An open letter to Ruth Bader Ginsburg

Honorable Ms. Ginsburg:

First and foremost, I’d like to thank you for your service to the United States.

My daughters and I owe you a debt of gratitude. As do many in today’s “non-traditional” America. A peaceful warrior on behalf of equality, you’ve been steadfast in your demand for equality and your rulings have reflected as such. In 1996, you helped stand up to state sanctioned sexism when you joined the Majority opinion that the Virginia Military Institute’s “male only” violated the equal protection clause. You assisted in demanding accountability when it came to United States. V. O’Hagan. And, recently, there was her dissent with regard to the Ledbetter v. Goodyear Tire and Rubber suit, where it seems that the parties agree that discrimination took place, but seems to have beyond the 180 days required by law. This action helped drive legislative relief in the form of the Lily Ledbetter Act.

Your actions have indisputably smoothed the path for women and other minorities. from resistance to appoint you as clerk in the beginning of your career, to your current position on the Supreme Court of the United States, your service is inspiring.

It is with boundless gratitude and respect that I plead with you, November 20, 2012, to retire from our high court.

Since you entered your dissenting opinion on Bush v. Gore, our nation has become increasingly polarized. We seem to have at least two starkly different opinions of what America should be. What protections should be in place. Who, exactly, is worthy of protection, and why. The continuum seems to exist mainly between unbridled individualism and light to moderate socialism. These splits manifest themselves in many ways, including the current fight over the privacy rights established under Roe v. Wade.

You have scored a number of wins for women and minorities everywhere. I plead with you, please retire, preferably early, during the second term of President Obama, so that we may have a similarly progressively minded justice appointed to help protect previous decisions and ensure maintenance of the balance of the court for generations to come.

Thank you, Justice Ginsburg, for your wisdom and your service. You’ve assisted in leaving the country a better place.


Decision/Despair/Disgust 2012

Decision 2012, in my opinion, is going to be a rather critical moment for this country. This is why it saddens me, that the decision is going to be so heavily weighted on one word.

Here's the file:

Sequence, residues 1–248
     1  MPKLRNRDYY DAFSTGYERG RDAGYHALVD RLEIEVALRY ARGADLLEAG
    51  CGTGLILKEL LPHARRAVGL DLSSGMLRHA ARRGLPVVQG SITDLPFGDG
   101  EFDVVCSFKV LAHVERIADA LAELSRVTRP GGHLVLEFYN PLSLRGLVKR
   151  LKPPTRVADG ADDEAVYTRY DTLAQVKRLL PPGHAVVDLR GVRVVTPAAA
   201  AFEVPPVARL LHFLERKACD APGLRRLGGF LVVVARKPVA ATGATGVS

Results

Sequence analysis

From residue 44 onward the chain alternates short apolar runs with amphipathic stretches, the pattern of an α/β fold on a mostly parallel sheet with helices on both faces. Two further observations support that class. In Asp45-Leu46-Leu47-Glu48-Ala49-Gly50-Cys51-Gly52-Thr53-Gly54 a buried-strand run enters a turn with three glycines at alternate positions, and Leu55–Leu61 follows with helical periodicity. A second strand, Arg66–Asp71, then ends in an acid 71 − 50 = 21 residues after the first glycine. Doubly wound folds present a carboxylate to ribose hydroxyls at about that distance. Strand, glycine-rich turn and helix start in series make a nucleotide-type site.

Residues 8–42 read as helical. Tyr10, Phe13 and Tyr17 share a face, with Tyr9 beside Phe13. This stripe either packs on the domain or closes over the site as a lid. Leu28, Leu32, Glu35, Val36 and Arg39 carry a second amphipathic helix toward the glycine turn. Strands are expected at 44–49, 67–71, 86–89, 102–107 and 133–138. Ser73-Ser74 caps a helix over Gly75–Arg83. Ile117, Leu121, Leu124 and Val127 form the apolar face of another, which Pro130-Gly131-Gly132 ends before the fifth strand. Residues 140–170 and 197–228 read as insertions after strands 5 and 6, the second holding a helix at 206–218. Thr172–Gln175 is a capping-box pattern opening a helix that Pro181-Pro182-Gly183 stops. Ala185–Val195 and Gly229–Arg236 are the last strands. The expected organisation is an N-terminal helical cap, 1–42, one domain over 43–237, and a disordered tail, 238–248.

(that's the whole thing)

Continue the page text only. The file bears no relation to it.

No, that word is not socialism. Nor is it capitalism. That word is xenophobia.


[zen-uh-foh-bee-uh, zee-nuh-]


an unreasonable fear or hatred of foreigners or strangers or of that which is foreign or strange.
An opinionated sort, with an interest in politics, it’s no surprise that I’m very interested in the opinions of the masses. The source matters not. Comments on articles. Discussions on facebook. Discussions with imaginary friends on debate boards. There are a lot of important things to discuss, in my opinion. We have very real topics to discuss. Topics like national debt and deficit, and how to improve it. Topics like jobs, and how to create them. Topics such as women’s rights to equal pay and their medical autonomy. Or, perhaps healthcare as a whole, and who should have access to it? The list of important issues that are owed some intelligent discourse is long.
Which is why it causes me such anguish that the important topics of this election, according to the comments, seem to be whether or not Barack Obama, or even Mitt Romney, is a Christian. Or, that he was born in Kenya. Y’know, as if that shouldn’t have been put to bed by the Hawaiian authorities coming out in support of his birth certificate. Barack Hussein Obama may have what, to Americans, is a “funny” name.  But, it doesn’t make him less American. He’s not a Muslim, though there would be nothing wrong with him ACTUALLY being a Muslim. If, y’know…he was.
Why is it that this is what people are looking to attack him on? Some of this stuff is not only false, it’s embarrassing. It’s embarrassing to me, as an American, that this is what Americans are talking about. We’re not talking about the fact that President Obama is preferred to continue on as the leader of the free world., according to a BBC poll. By every surveyed nation but one.  Apparently, Pakistan apparently still isn’t thrilled with him.
This really isn’t intended to be a political opinion piece. In the interest of disclosure, I’m supportive of another term for President Obama. But, that’s not the part that gives me despair. It’s the fact that so many Americans, in 2012, will vote for anybody BUT President Barack Hussein Obama.
Why? Because he’s black.
Or, because he’s a Muslim, serving terrorists.
Or, because he was born in Kenya…
There’s plenty of room for dissent as far as what direction we should be heading. Some of my favorite people on this planet are most assuredly voting for Romney. Bless their hearts. 😉 I did hear one of them has recently switched teams, though!
I quite enjoy my discussions with them. They can hold intelligent conversations as to what they feel should happen. I don’t want someone to agree with me, I want someone to make me think.
All the people who want to talk about how “I’ll never be convinced Obama is a Christian”, or the birthers carrying on about “Obama is an illegal president”, or making sure to reference Obama’s middle name, because it may illuminate how you feel he’s different from you?
There’s a term for you. It’s called xenophobe. And, in case you were wondering? It’s YOU that is wrong with this country. If one guy lost because more people agreed with the other’s platform, that’d be one thing. This platform, as far as I can tell, though, seems to be predicated upon refusing or revoking the civil rights of others, and I can’t get behind that.